Introduction: How to Disassemble a Sunbeam MX6800 Retro Mixmaster.
The Sunbeam Retro Mixmaster is a remake of the older Sunbeam mixers of the same series. Not as well built or quite as nice but they work and look all right. I picked one up free as it wasn't working and thought there can't be too much wrong with it. Here is how to open one up without destroying it.
There are no visible screws and that is often a bad sign. Not today! Push the Boost switch forward. Carefully lever the back end of the boost button up. It should un-clip and lift off.
Remove the small screw from the front end of the boost housing.
Lift the black top handle cover keeping it parallel to the mixer. This will avoid destroying the locating pins further back.
Pull the top of the chrome front cover out until the tab with the hole just clears the main body.
Pull the front cover upwards to release it from the main body. It will lift off a tab and come free.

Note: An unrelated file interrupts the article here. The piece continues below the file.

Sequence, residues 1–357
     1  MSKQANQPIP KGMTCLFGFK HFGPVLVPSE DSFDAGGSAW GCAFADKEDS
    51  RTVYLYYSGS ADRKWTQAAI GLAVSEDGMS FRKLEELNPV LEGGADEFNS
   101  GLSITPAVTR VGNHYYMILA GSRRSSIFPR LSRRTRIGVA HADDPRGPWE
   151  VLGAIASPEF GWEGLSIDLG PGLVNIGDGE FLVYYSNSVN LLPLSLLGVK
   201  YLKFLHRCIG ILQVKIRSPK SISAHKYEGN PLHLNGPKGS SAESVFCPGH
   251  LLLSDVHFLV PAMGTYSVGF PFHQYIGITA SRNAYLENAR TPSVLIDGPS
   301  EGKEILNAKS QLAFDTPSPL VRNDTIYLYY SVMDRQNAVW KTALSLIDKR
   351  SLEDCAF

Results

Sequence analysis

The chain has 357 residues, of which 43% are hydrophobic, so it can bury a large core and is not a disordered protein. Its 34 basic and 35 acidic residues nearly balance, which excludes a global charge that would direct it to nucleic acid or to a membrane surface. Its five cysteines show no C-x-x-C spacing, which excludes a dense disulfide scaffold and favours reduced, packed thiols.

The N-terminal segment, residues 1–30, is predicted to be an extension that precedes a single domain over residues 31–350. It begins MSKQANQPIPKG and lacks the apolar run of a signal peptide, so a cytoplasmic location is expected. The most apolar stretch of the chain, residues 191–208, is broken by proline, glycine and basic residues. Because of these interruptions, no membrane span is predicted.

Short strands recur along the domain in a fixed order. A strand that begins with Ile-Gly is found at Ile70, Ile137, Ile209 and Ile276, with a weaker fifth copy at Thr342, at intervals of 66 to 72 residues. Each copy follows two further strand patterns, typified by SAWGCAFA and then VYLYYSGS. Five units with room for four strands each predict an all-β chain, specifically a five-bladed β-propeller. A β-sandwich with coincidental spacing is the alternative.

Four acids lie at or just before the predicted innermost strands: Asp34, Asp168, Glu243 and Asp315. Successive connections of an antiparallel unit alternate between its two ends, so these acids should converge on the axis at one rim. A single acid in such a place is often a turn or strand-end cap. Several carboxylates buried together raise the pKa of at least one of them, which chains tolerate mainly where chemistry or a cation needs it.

Using your favourite technique, (mine being destroying the tip of one of my favourite flatheads,) remove the two triangular tip screws from the front end of the main body. Hey Presto, you now have access to the guts of the appliance.
This is as far as you need go if you know what to do from here. Feel free to continue to see how mine was diagnosed.
Step 7: Diagnosis.
When I tried to turn on my mixer, nothing happened. After looking at the circuit board I thought it was probably the pot/switch that had failed. I un-soldered the pot/switch (after I removed the transistor to get access) and disassembled the switch half. Pretty simple switch, you turn the knob, the shaft turns and allows power to flow between the contacts. When I turned the shaft, the switch didn't move, suggesting a broken shaft.
I disassembled the pot side, finding that yes indeed the shaft had broken. This made it a theoretically easy fix. Replace the pot/switch and we are good to go. After a not-very-quick Google I decided that the very specific pot/switch combination required was too much trouble and junked the whole unit. If you really wanted to make it work and you had the same problem you could bypass the switch half by jumping straight across the pin points and just use the power-point to switch it on and off. The pot would be a lot less trouble to hunt down and replace.
8 years ago on Introduction
Ooo very nice job on disassembly! Looks like you're quite a handy person!
Reply 8 years ago on Introduction
Thank you. I have done lots of this kind of thing so I thought I'd document it for a change. I hope it helps someone out there one day.